Meanwhile at NLM’s Lister Hill National Center for Biomedical Communications, Antani assembled a dedicated team of computational imaging scientists and machine learning experts from an intramural research and development division: Sema Candemir, PhD; Stefan Jaeger, PhD; Alexandros Karargyris, PhD; Santosh KC, PhD; Szilárd Vajda, PhD; and Zhiyun Xue, PhD. Branch chief George Thoma, PhD, and center director Clement McDonald, MD, provided needed support and leadership.

Together, they created a low-power computer system that communicates with the X-ray imaging system to ingest and analyze a digital chest X-ray image, using advanced image processing and machine learning algorithms to detect TB.

To ensure accuracy, the team needed sets of chest X-ray images—with and without TB for training and testing. Developing machine-learning algorithms, which allow computers to do a task without being programmed to do it, requires large sets of example X-rays.

Antani and his team sought support from local, national, and international sources, from TB control programs and hospitals. Samples were acquired from near NIH in Montgomery County, Maryland, across the country from Indiana University in Bloomington, and from India and Japan. Even more came in from China when a team member was there on unrelated business. “It happened purely by chance,” explained Antani. These image sets helped the X-ray machine become more accurate.

The end result was a twofer.

“The resulting images could serve as both screening and diagnostic tools,” said Antani. The tests must be highly sensitive without much loss in specificity. “We worked to be sure the classifier favored sensitivity over specificity, while keeping the overall accuracy as high as possible. We’d rather have a false positive than miss anyone.” For screening tasks even radiologists are known to “over read,” that is favor sensitivity over specificity. Antani’s team strives to develop a tool that models this behavior.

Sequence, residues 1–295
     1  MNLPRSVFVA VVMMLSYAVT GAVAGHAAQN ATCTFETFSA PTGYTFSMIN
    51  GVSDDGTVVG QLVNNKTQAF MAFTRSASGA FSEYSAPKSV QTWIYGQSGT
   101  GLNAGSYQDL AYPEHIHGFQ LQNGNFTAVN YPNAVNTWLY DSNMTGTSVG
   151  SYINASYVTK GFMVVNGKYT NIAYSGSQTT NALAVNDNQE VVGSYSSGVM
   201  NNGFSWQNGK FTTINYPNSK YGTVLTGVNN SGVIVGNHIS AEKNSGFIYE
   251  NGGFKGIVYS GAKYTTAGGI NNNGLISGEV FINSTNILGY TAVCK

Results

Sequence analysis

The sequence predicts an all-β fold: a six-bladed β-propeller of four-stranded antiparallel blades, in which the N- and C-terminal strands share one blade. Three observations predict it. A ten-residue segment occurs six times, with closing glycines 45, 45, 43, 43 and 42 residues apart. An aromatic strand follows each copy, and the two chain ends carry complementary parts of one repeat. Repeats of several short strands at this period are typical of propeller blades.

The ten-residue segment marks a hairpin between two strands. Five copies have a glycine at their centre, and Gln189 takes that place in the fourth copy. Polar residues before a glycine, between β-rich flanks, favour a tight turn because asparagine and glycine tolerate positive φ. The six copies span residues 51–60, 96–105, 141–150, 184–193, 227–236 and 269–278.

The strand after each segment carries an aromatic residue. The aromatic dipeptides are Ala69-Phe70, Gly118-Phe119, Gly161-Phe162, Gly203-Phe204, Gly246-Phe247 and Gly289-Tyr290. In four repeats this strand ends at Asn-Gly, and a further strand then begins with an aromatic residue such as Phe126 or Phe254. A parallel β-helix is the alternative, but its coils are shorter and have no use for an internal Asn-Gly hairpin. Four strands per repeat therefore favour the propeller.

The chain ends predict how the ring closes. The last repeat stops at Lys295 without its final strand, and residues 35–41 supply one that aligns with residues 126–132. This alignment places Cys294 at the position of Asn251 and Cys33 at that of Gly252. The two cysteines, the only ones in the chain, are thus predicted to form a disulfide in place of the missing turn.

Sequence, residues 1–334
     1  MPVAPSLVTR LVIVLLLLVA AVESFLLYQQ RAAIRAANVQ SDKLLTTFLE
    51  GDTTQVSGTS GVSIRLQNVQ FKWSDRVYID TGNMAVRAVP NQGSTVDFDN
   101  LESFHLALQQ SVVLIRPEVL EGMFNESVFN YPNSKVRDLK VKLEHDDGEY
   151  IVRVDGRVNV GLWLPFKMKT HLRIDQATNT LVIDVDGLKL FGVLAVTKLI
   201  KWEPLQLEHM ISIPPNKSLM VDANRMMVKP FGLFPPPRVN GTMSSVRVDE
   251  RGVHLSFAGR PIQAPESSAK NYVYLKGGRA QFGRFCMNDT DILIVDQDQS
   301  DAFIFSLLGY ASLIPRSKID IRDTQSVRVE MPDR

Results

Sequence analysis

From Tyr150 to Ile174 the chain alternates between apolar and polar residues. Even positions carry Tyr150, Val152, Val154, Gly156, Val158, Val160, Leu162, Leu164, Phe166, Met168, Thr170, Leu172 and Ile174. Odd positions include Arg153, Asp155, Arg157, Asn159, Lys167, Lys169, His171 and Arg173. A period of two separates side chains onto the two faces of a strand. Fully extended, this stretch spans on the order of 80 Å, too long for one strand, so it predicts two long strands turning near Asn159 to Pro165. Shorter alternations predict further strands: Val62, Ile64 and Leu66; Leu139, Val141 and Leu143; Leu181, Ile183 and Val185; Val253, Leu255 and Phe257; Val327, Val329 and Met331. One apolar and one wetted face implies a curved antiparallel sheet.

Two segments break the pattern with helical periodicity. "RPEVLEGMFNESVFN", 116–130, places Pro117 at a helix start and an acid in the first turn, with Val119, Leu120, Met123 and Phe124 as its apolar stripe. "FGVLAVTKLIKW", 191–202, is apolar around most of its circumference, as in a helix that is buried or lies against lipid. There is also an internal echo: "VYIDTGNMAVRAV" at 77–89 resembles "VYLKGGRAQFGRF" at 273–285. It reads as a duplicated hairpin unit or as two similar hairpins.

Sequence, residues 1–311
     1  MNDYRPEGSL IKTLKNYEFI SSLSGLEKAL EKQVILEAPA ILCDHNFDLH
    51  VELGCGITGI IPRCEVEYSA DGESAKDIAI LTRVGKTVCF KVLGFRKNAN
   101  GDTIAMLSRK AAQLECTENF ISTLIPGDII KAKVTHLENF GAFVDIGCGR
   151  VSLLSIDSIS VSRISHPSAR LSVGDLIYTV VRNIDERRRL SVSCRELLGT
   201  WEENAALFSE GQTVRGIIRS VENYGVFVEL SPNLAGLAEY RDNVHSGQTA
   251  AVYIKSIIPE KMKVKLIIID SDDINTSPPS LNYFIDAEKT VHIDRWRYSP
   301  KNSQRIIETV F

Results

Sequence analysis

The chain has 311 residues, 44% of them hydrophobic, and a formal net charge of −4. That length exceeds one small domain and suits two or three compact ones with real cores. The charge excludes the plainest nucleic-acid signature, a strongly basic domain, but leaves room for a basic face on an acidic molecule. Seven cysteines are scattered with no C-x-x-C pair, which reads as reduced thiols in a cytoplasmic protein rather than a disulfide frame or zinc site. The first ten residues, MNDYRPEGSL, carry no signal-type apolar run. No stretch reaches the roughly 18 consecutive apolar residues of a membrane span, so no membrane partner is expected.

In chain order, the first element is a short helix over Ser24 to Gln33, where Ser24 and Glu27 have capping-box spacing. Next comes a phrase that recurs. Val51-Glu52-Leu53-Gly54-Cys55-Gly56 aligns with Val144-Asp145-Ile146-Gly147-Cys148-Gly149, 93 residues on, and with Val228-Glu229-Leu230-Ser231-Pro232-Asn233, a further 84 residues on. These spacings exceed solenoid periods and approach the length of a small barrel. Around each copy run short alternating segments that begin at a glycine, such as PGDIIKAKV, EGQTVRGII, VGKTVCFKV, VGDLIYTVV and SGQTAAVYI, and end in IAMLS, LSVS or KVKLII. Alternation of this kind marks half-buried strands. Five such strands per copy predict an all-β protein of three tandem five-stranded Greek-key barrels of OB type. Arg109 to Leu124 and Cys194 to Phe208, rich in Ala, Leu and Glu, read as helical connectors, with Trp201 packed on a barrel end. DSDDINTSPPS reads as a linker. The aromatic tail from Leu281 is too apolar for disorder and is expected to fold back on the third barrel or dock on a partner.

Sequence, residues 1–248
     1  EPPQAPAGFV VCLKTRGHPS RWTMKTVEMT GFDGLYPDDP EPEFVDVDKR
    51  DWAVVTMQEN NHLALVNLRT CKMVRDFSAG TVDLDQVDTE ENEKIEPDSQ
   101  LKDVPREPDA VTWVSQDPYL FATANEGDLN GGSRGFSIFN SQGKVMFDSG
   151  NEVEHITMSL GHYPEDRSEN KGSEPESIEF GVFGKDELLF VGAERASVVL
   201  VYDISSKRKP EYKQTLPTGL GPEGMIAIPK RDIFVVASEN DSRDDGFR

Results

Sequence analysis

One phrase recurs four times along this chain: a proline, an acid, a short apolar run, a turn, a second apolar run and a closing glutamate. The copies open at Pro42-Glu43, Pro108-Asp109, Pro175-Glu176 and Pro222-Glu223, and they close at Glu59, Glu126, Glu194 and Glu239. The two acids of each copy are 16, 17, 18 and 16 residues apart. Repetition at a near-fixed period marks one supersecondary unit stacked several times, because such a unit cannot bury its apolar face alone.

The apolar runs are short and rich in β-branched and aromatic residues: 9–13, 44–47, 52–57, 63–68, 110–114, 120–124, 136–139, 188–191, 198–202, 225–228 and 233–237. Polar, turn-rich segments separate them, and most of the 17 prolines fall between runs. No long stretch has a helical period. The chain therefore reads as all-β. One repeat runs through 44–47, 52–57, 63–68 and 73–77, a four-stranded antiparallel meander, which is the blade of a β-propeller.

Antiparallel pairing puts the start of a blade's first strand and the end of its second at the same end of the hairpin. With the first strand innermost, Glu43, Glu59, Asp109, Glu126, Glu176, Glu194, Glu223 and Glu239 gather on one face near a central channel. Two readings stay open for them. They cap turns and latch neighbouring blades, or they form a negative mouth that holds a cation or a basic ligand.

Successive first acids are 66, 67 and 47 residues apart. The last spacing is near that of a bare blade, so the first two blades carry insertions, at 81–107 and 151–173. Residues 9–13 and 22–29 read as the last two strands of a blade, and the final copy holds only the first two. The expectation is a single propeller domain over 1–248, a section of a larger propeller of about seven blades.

Keep on trucking

The X-ray generators travel by truck.

The X-ray generator is well suited for travel. It’s rugged, inexpensive and lightweight—only 65 kilograms. A cassette reader converts the X-ray image into a digital image. All this happens on board.

A woman holds a baby while two other people converse in the back of the medical truck.

Patients in the mobile health care truck in Kenya.

To bring the test to the people, Antani and his team worked on the best way to transport the test. “We needed a vehicle that would be the lowest cost possible to build, run and maintain and as good as any in the United States,” said Antani. AMPATH acquired the truck that was rigged and designed by their engineers and was certified for radiological safety.

The first mobile health care truck with the X-ray generator began making the rounds in late 2014, but was formally deployed in early 2015.

“We weren’t the only ones who thought this was great,” said Antani. “The first lady of Kenya, Margaret Kenyatta, visited the truck after it was inaugurated and pronounced it ‘the coolest thing’ she has ever seen.” Another truck is expected to hit the road this year.

Antani visits Kenya once a year. “In the capital of Nairobi, they are tech savvy. Almost everyone has a cellphone which they use to make mobile payments for bills, like their electricity,” he said. Outside of the cities, roads are poorly maintained and there is limited access to technology and electricity.

“In Kenya, I get user perspectives and then figure out how to make things work better,” he said. In an environment where the trucks may lose power 10 times per day, maintenance can be challenge and Antani is always looking out for ways to improve efficiency.

TB rate drops

On World TB Day, held on March 24, 2016, Kenyan health cabinet secretary Dr. Cleopa Mailu praised his country’s efforts, and World Health Organization representative Dr. Custodia Mandlhate said, “Through various interventions, the TB/HIV coinfection rate in Kenya has reduced from 70 percent in 2010 to about 30 percent in 2015.”

But Mailu warned against complacency. Also on World TB Day, he said, “However rosy these interventions are, the fight against TB is not over yet.”

Until that happens, the truck will remain on the road.

By Kathryn McKay, NLM in Focus writer